NEW YORK — January's global selloff in stocks has left many small investors more puzzled than panicked, and unsure how to act.
They're holding on for now as prices tumble, but their anxiety is mounting. The number of small investors who say they feel "bearish" soared last week, according to a U.S. survey. Some stock funds have been hit with their biggest withdrawals since 2012.
If more people start selling, it would reverse a new and surprising trend in some of the world's biggest economies: individuals moving back into stocks after years of shunning them.
"I don't know what to do," says Ken Duska, a retiree in Mingo Junction, Ohio, who is sticking with his investment plan for now, though he's not sure that's wise.
Small investors around the world were on edge even before growing signs of a slowdown in China and plunging emerging-market currencies sent stocks sharply lower. They were fearful stocks had climbed too fast, and were overdue for a drop, after soaring by double-digit percentages in countries like the U.S., Japan and France in 2013. In the United States, some stock bulls had been bracing for a drop of 10 percent or more, known on Wall Street as a correction. That hasn't happened in more than two years.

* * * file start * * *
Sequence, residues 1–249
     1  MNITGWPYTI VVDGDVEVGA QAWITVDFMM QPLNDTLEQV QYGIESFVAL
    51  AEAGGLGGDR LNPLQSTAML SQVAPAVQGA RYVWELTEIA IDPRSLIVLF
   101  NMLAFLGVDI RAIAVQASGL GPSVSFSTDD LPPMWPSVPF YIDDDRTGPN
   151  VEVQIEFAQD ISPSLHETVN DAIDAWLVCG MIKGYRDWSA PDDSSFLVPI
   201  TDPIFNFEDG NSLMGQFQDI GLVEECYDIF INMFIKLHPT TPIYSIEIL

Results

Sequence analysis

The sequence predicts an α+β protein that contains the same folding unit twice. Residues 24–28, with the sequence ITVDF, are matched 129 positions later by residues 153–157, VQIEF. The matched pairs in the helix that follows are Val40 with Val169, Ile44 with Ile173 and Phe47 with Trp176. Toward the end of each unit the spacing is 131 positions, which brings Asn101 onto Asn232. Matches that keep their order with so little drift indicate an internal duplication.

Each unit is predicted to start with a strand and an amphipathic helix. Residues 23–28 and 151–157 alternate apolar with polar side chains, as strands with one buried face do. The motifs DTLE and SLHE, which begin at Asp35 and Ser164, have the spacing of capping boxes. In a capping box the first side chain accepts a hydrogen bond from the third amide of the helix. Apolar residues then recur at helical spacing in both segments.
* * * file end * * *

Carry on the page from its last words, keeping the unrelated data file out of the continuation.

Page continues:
Now, they have more cause to believe one may be at hand.
The Dow Jones industrial average has swooned 5 percent from a recent peak after investors became unnerved by reports of a manufacturing drop in China and economic mismanagement in countries like Argentina that sent the nation's currency plunging.
"The question is, 'Is this all of it, or is there significantly more to come?' " says Greg Sarian, a managing director at the Sarian Group at HighTower, a wealth advisory firm.
Since the 2008-09 financial crisis, small investors have mostly dumped stocks. But recently, buoyed by strengthening economies in the developed world, they have crept back into the markets.
Now, that flood of money might reverse as investors grow more worried.
At the start of the year, more than twice as many U.S. investors said they were bullish on stocks than said they were bearish in a survey by the American Association of Individual Investors. Now, the bears and bulls are neck and neck, with sentiments yo-yoing along with the indexes.
"I've lost . . . maybe $50,000 in the past week, and I'm not happy about it," says Scott Woodall, 44, of Acworth, Ga. "I hate the stock market."
A sign of the times: The price of gold, considered the ultimate "safe" asset by fearful investors, is up 3.3 percent this year after plunging 28 percent in 2013. Investors are also buying U.S. Treasury bonds despite Federal Reserve moves to scale back its purchases of them. The yield on the benchmark 10-year note, which falls when prices rise, has dropped from 3 percent at the start of the year to 2.7 percent.